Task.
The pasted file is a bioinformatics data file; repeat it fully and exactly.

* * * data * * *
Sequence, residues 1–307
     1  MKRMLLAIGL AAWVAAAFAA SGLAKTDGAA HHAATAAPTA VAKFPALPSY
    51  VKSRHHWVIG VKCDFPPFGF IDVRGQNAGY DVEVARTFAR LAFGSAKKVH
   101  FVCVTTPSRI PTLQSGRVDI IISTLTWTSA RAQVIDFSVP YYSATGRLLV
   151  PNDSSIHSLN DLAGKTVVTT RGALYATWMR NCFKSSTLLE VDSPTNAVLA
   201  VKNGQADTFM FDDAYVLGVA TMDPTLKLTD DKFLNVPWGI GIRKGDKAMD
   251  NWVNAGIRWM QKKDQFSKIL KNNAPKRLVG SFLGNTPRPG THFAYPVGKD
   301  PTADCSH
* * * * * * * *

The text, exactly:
Sequence, residues 1–307
     1  MKRMLLAIGL AAWVAAAFAA SGLAKTDGAA HHAATAAPTA VAKFPALPSY
    51  VKSRHHWVIG VKCDFPPFGF IDVRGQNAGY DVEVARTFAR LAFGSAKKVH
   101  FVCVTTPSRI PTLQSGRVDI IISTLTWTSA RAQVIDFSVP YYSATGRLLV
   151  PNDSSIHSLN DLAGKTVVTT RGALYATWMR NCFKSSTLLE VDSPTNAVLA
   201  VKNGQADTFM FDDAYVLGVA TMDPTLKLTD DKFLNVPWGI GIRKGDKAMD
   251  NWVNAGIRWM QKKDQFSKIL KNNAPKRLVG SFLGNTPRPG THFAYPVGKD
   301  PTADCSH